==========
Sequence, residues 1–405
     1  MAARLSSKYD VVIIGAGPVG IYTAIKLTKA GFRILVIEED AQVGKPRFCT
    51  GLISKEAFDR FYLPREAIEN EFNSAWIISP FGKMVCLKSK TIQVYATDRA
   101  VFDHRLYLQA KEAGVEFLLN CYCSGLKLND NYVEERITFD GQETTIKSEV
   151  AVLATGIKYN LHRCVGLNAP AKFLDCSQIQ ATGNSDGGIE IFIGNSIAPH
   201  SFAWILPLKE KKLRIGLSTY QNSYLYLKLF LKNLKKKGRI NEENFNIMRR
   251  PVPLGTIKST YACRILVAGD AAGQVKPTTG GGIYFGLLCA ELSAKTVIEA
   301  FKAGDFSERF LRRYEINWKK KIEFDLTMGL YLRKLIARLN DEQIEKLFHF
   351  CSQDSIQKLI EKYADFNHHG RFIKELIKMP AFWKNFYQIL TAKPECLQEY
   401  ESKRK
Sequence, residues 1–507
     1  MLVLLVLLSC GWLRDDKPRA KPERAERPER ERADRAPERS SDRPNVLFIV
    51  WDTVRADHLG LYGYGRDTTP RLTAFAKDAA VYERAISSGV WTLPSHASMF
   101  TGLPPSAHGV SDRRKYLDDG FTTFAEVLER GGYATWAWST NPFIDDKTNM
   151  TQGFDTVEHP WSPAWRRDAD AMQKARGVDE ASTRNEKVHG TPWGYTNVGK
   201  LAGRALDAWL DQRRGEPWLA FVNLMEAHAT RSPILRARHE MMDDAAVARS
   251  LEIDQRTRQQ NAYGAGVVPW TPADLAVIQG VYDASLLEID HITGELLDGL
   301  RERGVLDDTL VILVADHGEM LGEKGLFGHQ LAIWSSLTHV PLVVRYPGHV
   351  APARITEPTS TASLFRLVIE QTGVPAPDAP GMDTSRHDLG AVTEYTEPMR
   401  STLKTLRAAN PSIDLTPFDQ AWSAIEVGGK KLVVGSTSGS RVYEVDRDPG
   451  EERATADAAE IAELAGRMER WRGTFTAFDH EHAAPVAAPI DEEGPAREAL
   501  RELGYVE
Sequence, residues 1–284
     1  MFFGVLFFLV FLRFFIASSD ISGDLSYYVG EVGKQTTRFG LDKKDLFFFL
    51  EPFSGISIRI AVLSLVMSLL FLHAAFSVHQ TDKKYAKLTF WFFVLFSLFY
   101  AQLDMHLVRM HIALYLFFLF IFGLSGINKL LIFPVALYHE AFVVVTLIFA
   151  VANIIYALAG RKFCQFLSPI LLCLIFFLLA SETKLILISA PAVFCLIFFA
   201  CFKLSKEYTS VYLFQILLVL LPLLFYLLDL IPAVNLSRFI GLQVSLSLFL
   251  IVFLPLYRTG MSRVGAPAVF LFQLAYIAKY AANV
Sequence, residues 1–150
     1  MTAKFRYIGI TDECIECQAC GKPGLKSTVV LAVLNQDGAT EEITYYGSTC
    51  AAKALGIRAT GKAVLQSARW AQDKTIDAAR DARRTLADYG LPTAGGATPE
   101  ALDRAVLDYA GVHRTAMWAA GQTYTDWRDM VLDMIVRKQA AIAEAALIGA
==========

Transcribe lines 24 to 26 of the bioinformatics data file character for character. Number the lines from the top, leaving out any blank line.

     1  MFFGVLFFLV FLRFFIASSD ISGDLSYYVG EVGKQTTRFG LDKKDLFFFL
    51  EPFSGISIRI AVLSLVMSLL FLHAAFSVHQ TDKKYAKLTF WFFVLFSLFY
   101  AQLDMHLVRM HIALYLFFLF IFGLSGINKL LIFPVALYHE AFVVVTLIFA